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More postural body sway in seniors associated with low vitamin D – July 2013

Vitamin D deficiency intensifies deterioration of risk factors, such as male sex and absence of vision, leading to increased postural body sway.

Gait Posture. 2013 Jul 15. pii: S0966-6362(13)00300-7. doi: 10.1016/j.gaitpost.2013.06.017. Krause M, Anschütz W, Vettorazzi E, Breer S, Amling M amling at uke.de, Barvencik F.
Department of Osteology and Biomechanics; University Medical Center Hamburg-Eppendorf, Germany.

INTRODUCTION: Due to inconsistent findings, the influence of vitamin D on postural body sway (PBS) is currently under debate. This study evaluated the impact of vitamin D on PBS with regards to different foot positions and eye opening states in community-dwelling older individuals.

METHODS: In a cross-sectional study, we assessed PBS in 342 older individuals (264 females [average age (±SD): 68.3±9.0 years], 78 males [65.7±9.6 years]). A detailed medical history and vitamin D level were obtained for each individual. Fall risk was evaluated using the New York-Presbyterian Fall Risk Assessment Tool (NY PFRA). PBS parameters (area, distance, velocity, frequency) were evaluated on a pressure plate with feet in closed stance (CS) or hip-width stance (HWS), open eyes and closed eyes. Statistical analysis included logarithmic mixed models for repeated measures with the MIXED model procedure to test the influence of vitamin D (categorized in <10μg/l, 10-20μg/l, 21-30μg/l, >30μg/l), foot position, eye opening state, age, sex and frequency of physical activity on PBS.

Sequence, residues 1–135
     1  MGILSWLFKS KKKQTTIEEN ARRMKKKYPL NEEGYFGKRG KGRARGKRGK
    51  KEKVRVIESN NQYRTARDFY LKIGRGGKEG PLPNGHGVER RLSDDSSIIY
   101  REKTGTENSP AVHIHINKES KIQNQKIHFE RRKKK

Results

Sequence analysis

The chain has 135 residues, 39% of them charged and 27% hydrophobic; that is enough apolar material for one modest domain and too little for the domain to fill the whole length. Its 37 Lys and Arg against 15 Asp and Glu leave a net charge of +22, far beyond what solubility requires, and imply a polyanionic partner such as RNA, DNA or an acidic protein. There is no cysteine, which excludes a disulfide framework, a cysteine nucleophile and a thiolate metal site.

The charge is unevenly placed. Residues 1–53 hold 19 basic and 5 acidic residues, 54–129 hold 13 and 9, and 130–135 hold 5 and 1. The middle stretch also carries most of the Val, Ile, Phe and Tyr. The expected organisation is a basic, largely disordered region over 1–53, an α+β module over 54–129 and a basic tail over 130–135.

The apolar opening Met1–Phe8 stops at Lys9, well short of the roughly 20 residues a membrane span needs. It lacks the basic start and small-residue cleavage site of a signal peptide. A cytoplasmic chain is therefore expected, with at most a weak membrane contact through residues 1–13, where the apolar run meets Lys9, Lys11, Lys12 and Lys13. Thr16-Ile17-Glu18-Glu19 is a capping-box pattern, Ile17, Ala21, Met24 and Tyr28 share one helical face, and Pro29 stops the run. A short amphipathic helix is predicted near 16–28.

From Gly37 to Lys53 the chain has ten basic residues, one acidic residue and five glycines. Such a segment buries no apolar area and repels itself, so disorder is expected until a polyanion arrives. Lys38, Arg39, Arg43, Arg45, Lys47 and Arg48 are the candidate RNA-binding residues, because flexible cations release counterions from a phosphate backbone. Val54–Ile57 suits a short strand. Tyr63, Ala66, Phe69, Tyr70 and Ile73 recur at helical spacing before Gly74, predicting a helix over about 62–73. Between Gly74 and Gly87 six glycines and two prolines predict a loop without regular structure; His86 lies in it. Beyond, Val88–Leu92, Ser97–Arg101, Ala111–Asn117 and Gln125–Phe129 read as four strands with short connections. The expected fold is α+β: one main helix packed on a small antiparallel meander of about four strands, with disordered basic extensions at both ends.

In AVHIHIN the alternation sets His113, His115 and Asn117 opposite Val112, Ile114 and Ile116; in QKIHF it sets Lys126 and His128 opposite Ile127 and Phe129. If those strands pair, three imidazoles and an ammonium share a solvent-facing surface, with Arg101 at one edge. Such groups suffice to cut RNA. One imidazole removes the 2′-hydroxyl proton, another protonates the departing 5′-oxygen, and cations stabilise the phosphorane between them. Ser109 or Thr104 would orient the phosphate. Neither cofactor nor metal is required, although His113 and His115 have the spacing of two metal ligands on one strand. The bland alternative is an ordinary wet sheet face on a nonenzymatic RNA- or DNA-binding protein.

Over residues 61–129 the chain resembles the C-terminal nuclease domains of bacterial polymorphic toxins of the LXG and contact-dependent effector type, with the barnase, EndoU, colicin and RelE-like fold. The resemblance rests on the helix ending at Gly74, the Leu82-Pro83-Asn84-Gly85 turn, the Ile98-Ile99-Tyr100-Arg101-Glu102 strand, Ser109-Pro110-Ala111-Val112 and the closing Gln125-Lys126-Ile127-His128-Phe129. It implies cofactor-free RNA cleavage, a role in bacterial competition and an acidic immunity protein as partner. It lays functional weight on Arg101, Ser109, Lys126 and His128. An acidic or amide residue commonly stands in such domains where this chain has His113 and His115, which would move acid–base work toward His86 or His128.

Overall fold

RESULTS: Vitamin D was not an independent risk factor for falls experienced in the last 12 months. Nonetheless, PBS was higher in patients with vitamin D deficiency (<10μg/l) in HWS (A/P p=0.028 and area p=0.037). Additionally, vitamin D deficiency intensified the deleterious effects of male sex (distance p=0.002) and absence of vision (area p<0.001) on PBS.

CONCLUSION: Independent risk factors for increased PBS like male sex and absence of vision are additionally compromised by vitamin D deficiency.

Copyright © 2013. Published by Elsevier B.V.

PMID: 23867281 (study is behind a paywall)


See also VitaminDWiki

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